Urban growth creates challenges and opportunities for construction industry

4 min read
The Singapore Sports Hub in Kallang, due to open in April 2014, has a 5,000-capacity.
The Singapore Sports Hub in Kallang, due to open in April 2014, has a 5,000-capacity.
A new tunnel is under construction next to the old Midtown Tunnel that connects the cities of Portsmouth and Norfolk.
A new tunnel is under construction next to the old Midtown Tunnel that connects the cities of Portsmouth and Norfolk.

Interesting times

The urbanization of the planet is continuing at a breakneck pace. The population of the developing world’s cities grows by 5 million each month, and by 2050 it’s predicted that more than 70% of the world’s population will be city dwellers. Beyond the social and environmental implications, this trend is creating opportunities and challenges for the companies that build the roads, construct the high-rises and dig the subways of these booming metropolises.

“In the world’s growing cities you see wonderful architecture and structural engineering,” says Paul Gogulski, a US-based international construction consultant.

“They are pushing the limits, with innovative designs and use of materials. But 50-story buildings are going up in China in just 12 weeks, and the windows leak and the elevators don’t work. They will be slums in a decade. These are interesting times for the industry.”

Rail systems

Traffic congestion is a major issue in most cities, and the situation will only worsen as cities grow.

“The challenge is to move a lot of people in a congested space,” says Bruce Cage, Managing Director for engineered products in Trelleborg Offshore & Construction, Australia.

“With growing urbanization we are going to see more medium- and light-rail systems built in Asia and Australia. We are already seeing an expansion of the rail systems in Kuala Lumpur and Hong Kong.”

In Australia the number of urban light-rail projects has gone from zero to five in just a few years. Recently Trelleborg won the contract to supply rail support systems for the Gold Coast light-rail system.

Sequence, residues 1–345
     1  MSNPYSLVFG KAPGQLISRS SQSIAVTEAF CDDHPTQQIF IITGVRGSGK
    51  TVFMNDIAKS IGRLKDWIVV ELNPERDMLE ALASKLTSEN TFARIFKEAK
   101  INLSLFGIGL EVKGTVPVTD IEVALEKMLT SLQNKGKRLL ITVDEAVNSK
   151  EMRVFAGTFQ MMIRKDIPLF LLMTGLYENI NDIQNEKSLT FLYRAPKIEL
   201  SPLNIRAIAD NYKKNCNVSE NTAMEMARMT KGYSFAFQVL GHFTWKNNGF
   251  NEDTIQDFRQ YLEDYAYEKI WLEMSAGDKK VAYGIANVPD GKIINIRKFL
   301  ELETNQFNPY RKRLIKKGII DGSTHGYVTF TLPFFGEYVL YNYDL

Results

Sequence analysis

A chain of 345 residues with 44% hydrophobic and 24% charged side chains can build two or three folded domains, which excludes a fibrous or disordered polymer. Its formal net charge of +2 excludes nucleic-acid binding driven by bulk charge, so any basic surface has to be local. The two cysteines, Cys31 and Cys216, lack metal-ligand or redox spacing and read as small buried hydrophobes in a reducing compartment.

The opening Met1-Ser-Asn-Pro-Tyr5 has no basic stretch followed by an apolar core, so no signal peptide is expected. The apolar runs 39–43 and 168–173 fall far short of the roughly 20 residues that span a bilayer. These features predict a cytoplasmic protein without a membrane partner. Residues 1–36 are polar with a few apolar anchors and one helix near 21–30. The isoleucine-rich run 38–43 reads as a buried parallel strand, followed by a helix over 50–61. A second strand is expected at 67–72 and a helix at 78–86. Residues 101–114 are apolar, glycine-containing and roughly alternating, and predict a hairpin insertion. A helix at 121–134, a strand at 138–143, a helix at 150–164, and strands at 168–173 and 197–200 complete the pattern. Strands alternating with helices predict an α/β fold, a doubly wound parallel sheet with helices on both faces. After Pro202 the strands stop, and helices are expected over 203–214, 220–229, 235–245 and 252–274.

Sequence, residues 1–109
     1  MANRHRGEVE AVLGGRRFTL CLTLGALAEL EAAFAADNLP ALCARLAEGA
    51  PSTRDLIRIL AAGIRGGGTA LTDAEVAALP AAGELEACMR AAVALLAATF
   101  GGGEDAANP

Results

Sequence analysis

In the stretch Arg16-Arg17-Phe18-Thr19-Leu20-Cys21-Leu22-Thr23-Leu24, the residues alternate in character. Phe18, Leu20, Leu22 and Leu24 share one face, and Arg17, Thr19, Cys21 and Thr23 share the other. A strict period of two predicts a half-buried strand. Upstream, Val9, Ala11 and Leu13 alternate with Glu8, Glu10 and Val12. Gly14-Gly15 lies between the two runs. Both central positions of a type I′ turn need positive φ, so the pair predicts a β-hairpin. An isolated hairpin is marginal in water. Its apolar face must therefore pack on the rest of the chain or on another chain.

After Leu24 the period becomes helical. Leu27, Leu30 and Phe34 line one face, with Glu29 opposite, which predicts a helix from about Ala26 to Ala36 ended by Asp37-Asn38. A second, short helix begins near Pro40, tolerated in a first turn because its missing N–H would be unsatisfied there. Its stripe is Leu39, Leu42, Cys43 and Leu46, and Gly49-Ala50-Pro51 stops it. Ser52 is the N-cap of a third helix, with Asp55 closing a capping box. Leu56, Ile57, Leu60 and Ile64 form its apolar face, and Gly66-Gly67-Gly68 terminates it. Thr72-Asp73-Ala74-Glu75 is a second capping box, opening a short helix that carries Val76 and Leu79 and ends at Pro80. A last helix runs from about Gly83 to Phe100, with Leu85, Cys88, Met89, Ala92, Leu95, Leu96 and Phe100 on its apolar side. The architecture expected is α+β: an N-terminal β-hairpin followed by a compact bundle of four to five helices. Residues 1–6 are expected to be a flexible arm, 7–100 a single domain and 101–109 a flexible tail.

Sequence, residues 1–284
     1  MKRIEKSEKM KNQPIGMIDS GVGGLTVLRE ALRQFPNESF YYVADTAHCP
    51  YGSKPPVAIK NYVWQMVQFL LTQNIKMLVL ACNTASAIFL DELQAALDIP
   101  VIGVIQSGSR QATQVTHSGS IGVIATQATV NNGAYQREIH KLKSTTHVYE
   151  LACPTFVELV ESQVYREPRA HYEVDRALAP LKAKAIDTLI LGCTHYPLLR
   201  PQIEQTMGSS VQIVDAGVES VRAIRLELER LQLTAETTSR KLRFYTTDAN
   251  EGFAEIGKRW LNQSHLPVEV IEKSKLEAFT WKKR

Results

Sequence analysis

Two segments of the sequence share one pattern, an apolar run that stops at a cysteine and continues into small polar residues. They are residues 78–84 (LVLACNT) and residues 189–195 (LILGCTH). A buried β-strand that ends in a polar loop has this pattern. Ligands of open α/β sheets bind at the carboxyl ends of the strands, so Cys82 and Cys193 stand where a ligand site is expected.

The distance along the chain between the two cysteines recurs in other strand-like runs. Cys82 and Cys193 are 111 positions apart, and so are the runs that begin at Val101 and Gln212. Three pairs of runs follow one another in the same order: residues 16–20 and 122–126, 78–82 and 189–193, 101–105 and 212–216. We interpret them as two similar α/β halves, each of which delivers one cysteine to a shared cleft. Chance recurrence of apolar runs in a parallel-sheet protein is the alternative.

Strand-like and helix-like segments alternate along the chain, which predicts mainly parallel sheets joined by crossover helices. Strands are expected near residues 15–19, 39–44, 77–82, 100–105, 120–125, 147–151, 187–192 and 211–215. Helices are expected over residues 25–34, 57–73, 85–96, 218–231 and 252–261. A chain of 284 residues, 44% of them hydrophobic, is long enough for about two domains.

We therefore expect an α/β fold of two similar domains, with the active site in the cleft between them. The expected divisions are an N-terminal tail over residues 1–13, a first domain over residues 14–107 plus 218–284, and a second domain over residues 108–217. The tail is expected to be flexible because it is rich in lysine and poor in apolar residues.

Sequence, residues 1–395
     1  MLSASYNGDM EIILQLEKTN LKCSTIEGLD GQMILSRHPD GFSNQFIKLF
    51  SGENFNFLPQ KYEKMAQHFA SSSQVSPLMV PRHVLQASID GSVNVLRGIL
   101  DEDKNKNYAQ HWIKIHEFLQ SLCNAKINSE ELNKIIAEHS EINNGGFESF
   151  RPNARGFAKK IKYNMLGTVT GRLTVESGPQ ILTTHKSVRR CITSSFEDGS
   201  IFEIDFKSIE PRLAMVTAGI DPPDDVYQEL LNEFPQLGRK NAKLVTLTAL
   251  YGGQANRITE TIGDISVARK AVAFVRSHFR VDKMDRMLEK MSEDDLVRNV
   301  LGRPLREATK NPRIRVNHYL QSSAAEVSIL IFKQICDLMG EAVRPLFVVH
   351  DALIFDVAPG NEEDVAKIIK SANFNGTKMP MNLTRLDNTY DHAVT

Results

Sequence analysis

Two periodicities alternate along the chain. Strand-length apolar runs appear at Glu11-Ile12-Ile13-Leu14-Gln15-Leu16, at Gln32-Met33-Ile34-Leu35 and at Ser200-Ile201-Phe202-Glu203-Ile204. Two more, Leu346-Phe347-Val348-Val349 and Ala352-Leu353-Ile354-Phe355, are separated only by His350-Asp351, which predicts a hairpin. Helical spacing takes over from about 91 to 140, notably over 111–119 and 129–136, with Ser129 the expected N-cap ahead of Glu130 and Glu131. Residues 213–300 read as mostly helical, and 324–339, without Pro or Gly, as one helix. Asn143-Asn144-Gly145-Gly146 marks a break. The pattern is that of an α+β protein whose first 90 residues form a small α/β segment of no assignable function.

“One of the issues in urban light rail is noise, and we provide noise-attenuating solutions,” says Cage.

India and China

When it comes to the construction equipment that does the heavy work of building cities, the market has largely stagnated in Europe and the US. But manufacturers of this equipment are establishing production in India and China, where urban populations are forecast to grow by 497 million and 341 million respectively by 2050.

“India and China have seen a slowdown, although from high levels, but there is still a positive trend in construction,” says Don Farbotnik, Global Market Manager for antivibration for specialist vehicles at Trelleborg Industrial Solutions.

Trelleborg supplies a large amount of products, from seals to cab mounts for the off-highway construction market.

“They are building a lot of urban infrastructure there, and the big construction equipment manufacturers have turned up.”

Britain’s JCB and Sweden’s Volvo have established themselves in India, as has Trelleborg, which recently opened a new facility in Bengaluru to serve these original equipment manufacturers and others in the Indian market.

“The future really does look good for the construction market,” says Farbotnik.